The Penn State College of Communications celebrated the 100th anniversary of its current home and Penn State University Park's original library building, the Carnegie Building, on Thursday, Nov. 18. Industrialist Andrew Carnegie donated $150,000 for the construction of Carnegie Library on campus in 1899. The building was completed in 1904 and dedicated on Nov. 18 of that year. Said Doug Anderson, dean of the College of Communications, "Like the Nittany Lion Shrine, Old Main, Beaver Stadium and the Creamery, Carnegie Building is Penn State."
Photos on display in the lobby during the centennial celebration showed the Carnegie Building's main entrance through the years. The building served as Penn State's primary library through 1940, replacing the overflowing, two-room library located in Old Main.
Photographs depicted the construction at the rear of Carnegie Building from 1940-1942. Through the years, the building served as home to the music department among many others, as well as the student newspaper, The Daily Collegian. At one time it even was a firehouse. The School of Journalism took up residence there in the early 1950s, when the building was known as Carnegie Hall.
Barbara Bird, associate professor of communications, center, introduced the documentary "100 years in Carnegie," which she and film students Taheerah Holston, left, and Justin Herman produced, chronicling the 100-year history of Carnegie Building. "We're relative newcomers to the building, but the documentary we've made has been a labor of love," Bird said. "We're Penn State proud to be part of the idea, tradition and spirit that is the Carnegie Building."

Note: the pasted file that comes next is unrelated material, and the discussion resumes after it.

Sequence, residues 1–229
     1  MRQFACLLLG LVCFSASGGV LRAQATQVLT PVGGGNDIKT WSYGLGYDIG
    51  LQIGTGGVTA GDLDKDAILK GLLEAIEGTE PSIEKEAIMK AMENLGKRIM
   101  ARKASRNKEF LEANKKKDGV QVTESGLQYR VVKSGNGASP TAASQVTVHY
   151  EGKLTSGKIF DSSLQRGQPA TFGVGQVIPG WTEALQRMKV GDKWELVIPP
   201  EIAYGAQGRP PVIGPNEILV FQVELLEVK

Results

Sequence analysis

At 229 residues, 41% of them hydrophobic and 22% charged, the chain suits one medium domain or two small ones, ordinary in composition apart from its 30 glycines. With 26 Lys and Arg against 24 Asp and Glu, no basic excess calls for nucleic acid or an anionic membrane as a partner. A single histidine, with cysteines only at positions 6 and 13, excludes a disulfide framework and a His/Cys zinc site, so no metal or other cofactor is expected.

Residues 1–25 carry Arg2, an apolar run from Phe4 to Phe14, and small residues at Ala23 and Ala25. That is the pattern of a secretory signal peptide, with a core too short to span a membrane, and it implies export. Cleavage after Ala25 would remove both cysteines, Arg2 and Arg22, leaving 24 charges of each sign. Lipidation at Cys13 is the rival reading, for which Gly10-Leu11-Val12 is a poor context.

Distinguished Alumnus Larry Foster, a 1948 graduate in journalism, has with his wife Ellen significantly contributed to renovations of Carnegie Building and provided several endowments for the College of Communications. As the "human bridge" between the two half centuries of the building, Foster addressed the building's history and bright future, holding a mock phone call with the building's financier, Andrew Carnegie. "I'm not sure you can feel youngish and be the human bridge between two half centuries," Foster joked.
Patrick Parsons, associate dean of the College of Communications, introduced plans for the future of Carnegie Building. He said the ground floor will undergo a major renovation. The renovations will include the addition of the Arthur W. Page Conference Room and Archive, new film and digital photo labs, a Pro Tools studio, computer labs and an information technology services suite. Construction will begin in the summer of 2005 and be completed in the spring of 2006. "It is going to be more than well worth the effort," Parsons said. "It is going to be a wonderful facility for students, staff and faculty."